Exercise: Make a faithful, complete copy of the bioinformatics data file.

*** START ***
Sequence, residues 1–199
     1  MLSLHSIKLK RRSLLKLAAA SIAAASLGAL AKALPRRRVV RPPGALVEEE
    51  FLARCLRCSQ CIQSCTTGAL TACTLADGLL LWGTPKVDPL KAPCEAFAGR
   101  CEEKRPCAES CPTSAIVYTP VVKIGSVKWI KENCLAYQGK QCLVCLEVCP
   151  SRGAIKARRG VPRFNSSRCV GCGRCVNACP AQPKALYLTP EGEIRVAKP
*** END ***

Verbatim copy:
Sequence, residues 1–199
     1  MLSLHSIKLK RRSLLKLAAA SIAAASLGAL AKALPRRRVV RPPGALVEEE
    51  FLARCLRCSQ CIQSCTTGAL TACTLADGLL LWGTPKVDPL KAPCEAFAGR
   101  CEEKRPCAES CPTSAIVYTP VVKIGSVKWI KENCLAYQGK QCLVCLEVCP
   151  SRGAIKARRG VPRFNSSRCV GCGRCVNACP AQPKALYLTP EGEIRVAKP